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From a Bare Hull:  Hull Paint (Topcoat)

After weeks of hull preparation, the time had come to apply the final topcoats.  With another boat in the shop also ready for final paint, there was no sense putting the job off any longer:  while painting two boats in short succession was a lot of work, it did mean that I only had to clean and prepare the shop once, which was a big job in itself.

On the day of application, I began by briefly cleaning up the decks, and then covered the decks in plastic to prevent overspray from the hull paint.  First, I taped along the edge of the deck; the exact location wasn't that important since I planned to cover the area with a wooden toerail later.  Then, I laid out a sheet of plastic, trimmed it to fit, and taped it securely in place.

Next, I moved on to clean the shop once more.  There was a surprising amount of fine dust left over from sanding the hull primer, and cleaning took the bulk of the morning.  When I had the shop clean and as dust-free as it would ever be, I washed down the hull with Alexseal surface cleaner, carefully removing all traces of dust and contamination.  Using two cloths (and changing them frequently), one flooded in solvent and the other to quickly wipe the area clean, I put this miserable task behind me in short order.  Finally, I tacked off the hull, using a light touch with a tack rag.

Just before beginning to spray, I wet down the entire floor of the shop, to hold down any remaining dust and the naturally-occurring dust from the concrete.  Then, I prepared to spray.

Immediately, I noticed a problem with my gun.  After last week's experiences with gun clogs, I had pretty much broken down and cleaned the entire gun, so needless to say I was pretty surprised when I test-sprayed using only reducer in the gun (a step I now took each time I used the gun, to make sure it was working properly before filling it with paint).  I got virtually no product out of the tip.  Again, I broke down the gun, but found no obvious clogs.  After 30 minutes of this, I was at a loss and took the extraordinary (for me) step of calling a tech support "hotline" at my gun manufacturer to see what they thought could be the problem.  They were extremely helpful and pointed me to one of two small fittings on the gun that I had not removed, as I truly had no idea that they might be the problem.  Back out at the shop, I disassembled the small fitting on the gun body where the bleeder hose connected, and sure enough:  it was plugged solid with old paint.  I cleaned this out and the gun worked fine.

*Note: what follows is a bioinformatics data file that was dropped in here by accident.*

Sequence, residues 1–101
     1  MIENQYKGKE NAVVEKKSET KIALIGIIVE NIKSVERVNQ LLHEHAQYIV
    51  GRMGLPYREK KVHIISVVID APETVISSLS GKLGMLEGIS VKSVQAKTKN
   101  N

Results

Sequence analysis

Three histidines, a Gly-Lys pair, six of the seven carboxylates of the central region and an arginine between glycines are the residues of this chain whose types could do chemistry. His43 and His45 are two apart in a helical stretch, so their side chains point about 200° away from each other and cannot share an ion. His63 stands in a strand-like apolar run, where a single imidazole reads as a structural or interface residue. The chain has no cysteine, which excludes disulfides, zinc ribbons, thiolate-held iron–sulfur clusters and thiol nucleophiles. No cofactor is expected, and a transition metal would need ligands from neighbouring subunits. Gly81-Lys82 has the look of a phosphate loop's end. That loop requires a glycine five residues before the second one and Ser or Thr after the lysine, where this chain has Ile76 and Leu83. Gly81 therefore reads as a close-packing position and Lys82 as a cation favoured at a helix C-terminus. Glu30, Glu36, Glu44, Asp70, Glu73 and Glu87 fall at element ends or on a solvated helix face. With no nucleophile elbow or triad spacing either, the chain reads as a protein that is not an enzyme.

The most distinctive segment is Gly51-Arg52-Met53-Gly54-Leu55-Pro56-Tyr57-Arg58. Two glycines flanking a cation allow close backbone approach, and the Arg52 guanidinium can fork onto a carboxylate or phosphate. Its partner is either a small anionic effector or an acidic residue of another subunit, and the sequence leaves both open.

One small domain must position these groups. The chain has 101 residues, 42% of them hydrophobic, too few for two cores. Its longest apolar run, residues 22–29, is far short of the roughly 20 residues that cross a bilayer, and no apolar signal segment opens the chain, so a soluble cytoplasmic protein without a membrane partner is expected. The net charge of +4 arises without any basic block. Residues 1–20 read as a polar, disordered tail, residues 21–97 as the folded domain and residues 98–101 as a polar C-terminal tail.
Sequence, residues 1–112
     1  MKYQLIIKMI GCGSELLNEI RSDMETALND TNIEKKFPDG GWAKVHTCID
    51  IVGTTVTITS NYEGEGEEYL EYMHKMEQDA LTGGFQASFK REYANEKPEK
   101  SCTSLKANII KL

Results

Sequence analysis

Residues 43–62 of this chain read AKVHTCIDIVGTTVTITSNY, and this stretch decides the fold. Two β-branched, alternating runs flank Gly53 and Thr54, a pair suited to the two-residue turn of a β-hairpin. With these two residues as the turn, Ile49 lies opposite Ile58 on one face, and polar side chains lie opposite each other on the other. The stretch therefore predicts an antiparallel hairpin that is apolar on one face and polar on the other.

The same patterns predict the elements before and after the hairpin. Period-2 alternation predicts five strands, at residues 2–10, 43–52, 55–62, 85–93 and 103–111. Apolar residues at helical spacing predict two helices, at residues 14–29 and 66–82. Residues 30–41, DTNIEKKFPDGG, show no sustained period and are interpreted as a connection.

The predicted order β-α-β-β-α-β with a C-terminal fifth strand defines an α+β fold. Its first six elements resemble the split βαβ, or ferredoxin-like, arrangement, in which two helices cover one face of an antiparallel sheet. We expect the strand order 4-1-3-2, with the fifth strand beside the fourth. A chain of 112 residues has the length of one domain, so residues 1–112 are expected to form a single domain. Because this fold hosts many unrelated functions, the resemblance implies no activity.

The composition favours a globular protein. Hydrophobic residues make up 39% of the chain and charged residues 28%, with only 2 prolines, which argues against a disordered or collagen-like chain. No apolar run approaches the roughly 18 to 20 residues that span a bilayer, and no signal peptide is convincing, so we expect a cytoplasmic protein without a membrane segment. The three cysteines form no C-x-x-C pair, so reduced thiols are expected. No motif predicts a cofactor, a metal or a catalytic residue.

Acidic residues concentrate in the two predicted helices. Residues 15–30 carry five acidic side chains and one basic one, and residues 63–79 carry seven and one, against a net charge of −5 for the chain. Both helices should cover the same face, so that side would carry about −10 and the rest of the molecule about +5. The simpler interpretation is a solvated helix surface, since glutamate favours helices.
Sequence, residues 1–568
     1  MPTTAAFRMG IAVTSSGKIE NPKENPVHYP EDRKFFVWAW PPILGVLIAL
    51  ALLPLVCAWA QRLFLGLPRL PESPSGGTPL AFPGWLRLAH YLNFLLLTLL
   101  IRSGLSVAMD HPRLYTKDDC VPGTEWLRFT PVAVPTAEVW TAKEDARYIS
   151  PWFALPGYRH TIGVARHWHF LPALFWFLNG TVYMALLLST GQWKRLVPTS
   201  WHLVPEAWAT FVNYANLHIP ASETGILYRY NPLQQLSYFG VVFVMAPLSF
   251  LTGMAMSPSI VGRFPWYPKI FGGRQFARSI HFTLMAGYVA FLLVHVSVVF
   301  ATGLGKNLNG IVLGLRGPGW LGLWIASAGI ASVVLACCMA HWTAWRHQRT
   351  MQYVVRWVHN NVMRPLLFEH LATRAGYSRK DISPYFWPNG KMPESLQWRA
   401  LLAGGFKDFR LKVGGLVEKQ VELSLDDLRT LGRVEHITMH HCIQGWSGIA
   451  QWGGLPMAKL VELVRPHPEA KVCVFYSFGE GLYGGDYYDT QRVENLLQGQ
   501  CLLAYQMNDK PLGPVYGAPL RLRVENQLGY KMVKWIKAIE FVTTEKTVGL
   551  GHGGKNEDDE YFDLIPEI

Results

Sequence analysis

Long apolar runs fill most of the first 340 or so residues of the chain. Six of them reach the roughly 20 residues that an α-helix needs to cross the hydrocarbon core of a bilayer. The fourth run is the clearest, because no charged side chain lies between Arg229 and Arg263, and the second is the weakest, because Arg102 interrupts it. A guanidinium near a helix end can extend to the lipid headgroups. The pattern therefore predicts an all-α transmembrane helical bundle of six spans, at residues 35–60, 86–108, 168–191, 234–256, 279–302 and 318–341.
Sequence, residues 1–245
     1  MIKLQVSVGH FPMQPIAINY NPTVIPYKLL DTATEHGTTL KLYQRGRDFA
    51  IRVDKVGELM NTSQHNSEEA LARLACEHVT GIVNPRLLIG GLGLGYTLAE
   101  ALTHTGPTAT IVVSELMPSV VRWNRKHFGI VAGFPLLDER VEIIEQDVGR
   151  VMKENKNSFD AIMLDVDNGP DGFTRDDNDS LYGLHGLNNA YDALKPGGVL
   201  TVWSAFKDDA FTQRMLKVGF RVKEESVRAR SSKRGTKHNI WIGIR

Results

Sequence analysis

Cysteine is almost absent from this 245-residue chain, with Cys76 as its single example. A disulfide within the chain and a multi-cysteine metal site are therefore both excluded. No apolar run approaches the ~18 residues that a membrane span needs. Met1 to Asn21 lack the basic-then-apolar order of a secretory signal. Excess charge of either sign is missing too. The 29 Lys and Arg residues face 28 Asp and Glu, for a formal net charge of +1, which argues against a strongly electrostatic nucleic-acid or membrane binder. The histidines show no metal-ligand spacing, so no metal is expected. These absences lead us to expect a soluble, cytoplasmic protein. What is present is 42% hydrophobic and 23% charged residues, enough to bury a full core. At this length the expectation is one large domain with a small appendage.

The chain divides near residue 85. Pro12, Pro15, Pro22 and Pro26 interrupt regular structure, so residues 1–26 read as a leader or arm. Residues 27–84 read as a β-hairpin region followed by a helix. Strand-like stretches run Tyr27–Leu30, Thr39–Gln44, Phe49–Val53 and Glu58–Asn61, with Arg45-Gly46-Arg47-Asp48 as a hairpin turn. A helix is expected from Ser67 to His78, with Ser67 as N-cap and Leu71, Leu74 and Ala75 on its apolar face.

With that annoyance out of the way (but at least now I knew the inner workings of the spray gun better than ever), I mixed up my paint.  After much consideration, I elected to use snow white paint for the hull, a classic and traditional look, rather than a dark color, which tended to be my favorite.  I chose white for its universal appeal, classic looks, and clean appearance--all of which befitted the boat's mission.  Plus, with the boat being prepared for eventual sale, white was unlikely to turn off any prospective buyers, while dark colors tend to be either loved or reviled, depending on the person.

I had set up a full sheet of plywood covered with plastic as a test bed for painting, and experimented with the paint mix and gun material controls until I was happy with the result.  Then, I sprayed the first of three coats on the hull.  The first coat was relatively light, to apply a good base and allow for a "stickier" surface to apply heavier coats of paint later, hopefully without runs.  Despite this, the first coat looked excellent and leveled beautifully.  I was thrilled, and took a short break before applying the second coat; each topcoat could be sprayed in rapid succession, with 20-60 minutes between coats.

I was less pleased with my second coat: I didn't have the paint mix quite right, and there was more orange peel than I would have liked.  I went ahead with a third coat, which came out quite nicely.  With that, the painting was done; each coat took about 30 minutes (or less) to apply, punctuated with 15-30 minute breaks between coats.

I left the painted boat alone overnight and through the next day while the paint cured.  Since the boat had been essentially white when covered with primer, the transformation with the final coats was not extremely significant from a distance, but the clean white and high gloss of the Alexseal paint made the boat look great.  Since I didn't know exactly where my waterline was going to end up, I sprayed the white (and the primers before) well below the original boat's waterline plane, to ensure plenty of coverage wherever the waterline ended up being.  Later, I planned a test launch to see exactly how the boat floated, after which I could paint striping and antifouling.  That would come a bit later on.


With more painting planned in the shop, I covered the entire boat in plastic (loosely draped and secured) to protect against overspray.  Late in the week, with all painting complete, I removed all the plastic and tape, revealing the entire boat.  (As seen in some of the above photos...)

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